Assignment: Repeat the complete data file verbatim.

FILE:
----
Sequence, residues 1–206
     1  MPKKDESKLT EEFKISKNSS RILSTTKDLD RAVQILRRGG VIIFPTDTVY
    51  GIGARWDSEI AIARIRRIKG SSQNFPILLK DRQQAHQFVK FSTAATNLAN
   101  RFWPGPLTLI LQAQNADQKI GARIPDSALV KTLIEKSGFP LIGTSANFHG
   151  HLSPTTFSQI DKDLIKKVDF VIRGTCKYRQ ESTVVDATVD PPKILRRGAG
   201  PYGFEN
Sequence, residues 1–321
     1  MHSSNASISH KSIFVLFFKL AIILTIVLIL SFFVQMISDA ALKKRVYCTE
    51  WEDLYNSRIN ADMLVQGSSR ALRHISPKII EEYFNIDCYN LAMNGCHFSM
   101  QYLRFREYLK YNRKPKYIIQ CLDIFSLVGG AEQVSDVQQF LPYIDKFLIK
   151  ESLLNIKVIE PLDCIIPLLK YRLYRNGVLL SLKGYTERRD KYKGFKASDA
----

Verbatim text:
Sequence, residues 1–206
     1  MPKKDESKLT EEFKISKNSS RILSTTKDLD RAVQILRRGG VIIFPTDTVY
    51  GIGARWDSEI AIARIRRIKG SSQNFPILLK DRQQAHQFVK FSTAATNLAN
   101  RFWPGPLTLI LQAQNADQKI GARIPDSALV KTLIEKSGFP LIGTSANFHG
   151  HLSPTTFSQI DKDLIKKVDF VIRGTCKYRQ ESTVVDATVD PPKILRRGAG
   201  PYGFEN
Sequence, residues 1–321
     1  MHSSNASISH KSIFVLFFKL AIILTIVLIL SFFVQMISDA ALKKRVYCTE
    51  WEDLYNSRIN ADMLVQGSSR ALRHISPKII EEYFNIDCYN LAMNGCHFSM
   101  QYLRFREYLK YNRKPKYIIQ CLDIFSLVGG AEQVSDVQQF LPYIDKFLIK
   151  ESLLNIKVIE PLDCIIPLLK YRLYRNGVLL SLKGYTERRD KYKGFKASDA